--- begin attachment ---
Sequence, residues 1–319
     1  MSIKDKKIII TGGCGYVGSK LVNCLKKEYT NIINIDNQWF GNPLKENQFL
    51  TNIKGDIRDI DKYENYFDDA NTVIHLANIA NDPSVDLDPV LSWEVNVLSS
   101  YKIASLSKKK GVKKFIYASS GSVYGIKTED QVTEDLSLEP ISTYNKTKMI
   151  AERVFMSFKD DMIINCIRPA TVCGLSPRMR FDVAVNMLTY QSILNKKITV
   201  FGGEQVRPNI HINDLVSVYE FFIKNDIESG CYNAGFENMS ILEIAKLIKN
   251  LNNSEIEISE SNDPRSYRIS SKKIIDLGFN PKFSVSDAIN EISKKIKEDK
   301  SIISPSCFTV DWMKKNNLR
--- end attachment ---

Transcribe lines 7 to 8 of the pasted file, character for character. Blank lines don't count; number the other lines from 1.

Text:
   251  LNNSEIEISE SNDPRSYRIS SKKIIDLGFN PKFSVSDAIN EISKKIKEDK
   301  SIISPSCFTV DWMKKNNLR